It's about the details for Magee's new tweed sport jacket

One of the just-released for autumn sport jackets that caught was the wonderful Donegal tweed jacket (pictured below) from Magee.

PHOTOS courtesy of Magee.

Magee really focused on the details — side vents, elbow patches, hacking pockets, purple over-check and the two-color melton under-collar — when it came this sport jacket (350 euros or $464; available here).

However, one particular detail stands out: The purple contrasting above the hacking pockets.

This is meant to compliment both the elbow patches and the over-check in the tweed’s pattern, but it may be a bit too much for some.

Wednesday, August 20, 2014

New book on boating blazers


The momentum is growing around a new coffee table book on boating blazers.

You may recall told you about "Rowing Blazers" last year. Back then, the book by Jack Carlson, who collaborated with #menswear personality F.E. Castleberry, was mostly a concept. That's not the case now.

"Rowing Blazers" has been available across the pond since early summer, when Carlson launched the book with a fancy party at Ralph Lauren's London store.

Since then, the book — full of #menswear porn — has received considerable attention in magazines, blogs and other outlets, including the U.K.'s Daily Mail newspaper. Now "Rowing Blazers" is available here in America.

No announcement has been made yet, but sources tell Carlson is working on launch parties in New York and Washington. Boston would seem likely too.

Monday, August 11, 2014

Think tartan when commissioning a jacket for fall

The time is now to commission a custom sport jacket for autumn and winter.

Whether it is made-to-measure or bespoke, you should begin planning what to wear when temperatures require tweed to be pulled from the back of the closest sometime in October or early November, depending on where you live. After all, the last thing you want is to wait and then find out that nothing can be delivered before Christmas.

The tartan jacket pictured below caught’s attention as perfect sartorial inspiration for a custom sport jacket, especially if you already have a few standard tweed jackets and want something a little bit more playful. You might even call this a go-to-hell jacket.

PHOTO courtesy of Polo Ralph Lauren.

While you can buy this sport jacket from Polo Ralph Lauren ($895; available here), you will pay a significant sum for something that wasn't even made for you.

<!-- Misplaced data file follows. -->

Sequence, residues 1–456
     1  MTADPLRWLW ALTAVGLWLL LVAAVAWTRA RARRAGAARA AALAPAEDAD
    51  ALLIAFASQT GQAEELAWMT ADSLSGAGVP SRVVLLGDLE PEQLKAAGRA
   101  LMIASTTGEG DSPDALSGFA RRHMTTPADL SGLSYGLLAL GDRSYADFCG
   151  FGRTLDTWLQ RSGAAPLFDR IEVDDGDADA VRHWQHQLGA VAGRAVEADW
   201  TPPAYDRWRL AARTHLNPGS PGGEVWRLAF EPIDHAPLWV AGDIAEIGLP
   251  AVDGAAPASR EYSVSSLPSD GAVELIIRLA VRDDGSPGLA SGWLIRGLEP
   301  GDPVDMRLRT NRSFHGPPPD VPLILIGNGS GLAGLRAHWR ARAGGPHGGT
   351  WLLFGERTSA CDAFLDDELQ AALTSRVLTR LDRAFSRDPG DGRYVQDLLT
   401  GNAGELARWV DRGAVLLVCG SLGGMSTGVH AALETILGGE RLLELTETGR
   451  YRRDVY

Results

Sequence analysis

And if you do use this as inspiration for a commission, here are some stylistic considerations:
  • Hacking pockets.
  • Ticket pocket.
  • Patch pockets.
  • Side vents.
  • Partial lining (especially important if being worn inside).
  • Surgeon’s cuffs.

Friday, August 8, 2014

The best of the new Lands' End

If you are like this correspondent then you receive a lot of catalogues in the mail.

Lands’ End, Restoration Hardware, J. Crew, J. Press, Sierra Trading Post and Brooks Brothers. Heck, even an occasional Jos. A. Bank mailer arrives. For many, this is junk mail. For others, catalogues are style porn.

And the newest catalogue from Lands’ End didn’t fail to satisfy to one’s cravings for style porn.

In fact, it stood out as a radical departure from Lands’ End traditional — some might even say ho-hum — offerings of the past.

This is more J. Crew-meets-Banana Republic than the Lands’ End clothes worn by your father. You know those pleated super-short shorts of the 1980s worn by Clark Griswold in the cult classic film “National Lampoon’s Vacation.” 

Among the new offerings that caught’s attention:

PHOTOS courtesy of Lands' End.

At $198 (available here), the sport jacket pictured above, available in both herringbone and Glen plaid, is priced right for those who cannot afford bespoke or made-to-measure but don’t want to sacrifice style. The price gets even better because Lands’ End runs frequent promotions of 25% or 30%, meaning the $198 price should drop even further by the time the temperature drops enough to make wearing it practical.

Sure, the jacket’s cloth could be improved, as the wool and nylon blend is a bit disappointing from a quality perspective. However, at under $200 you aren’t going to get cloth with a lot of  provenance from a well-established Scottish or Italian mill.

While you can still get a heck of deal on made in America jeans from Canvas, the more youth-oriented Lands’ End brand, the new slim-fit jeans ($59; available here) come in what Lands’ End calls “deep sea blue,” “rough seas” and “night seas.”

Best of all you can personalize the leather patch on the waistband. Enough with advertising the brand of the jeans you are wearing, unless of course a big-name brand is paying you to do so. Just about anything, including your initials, can be etched onto the patch — making these jeans truly yours and yours alone — for only $6.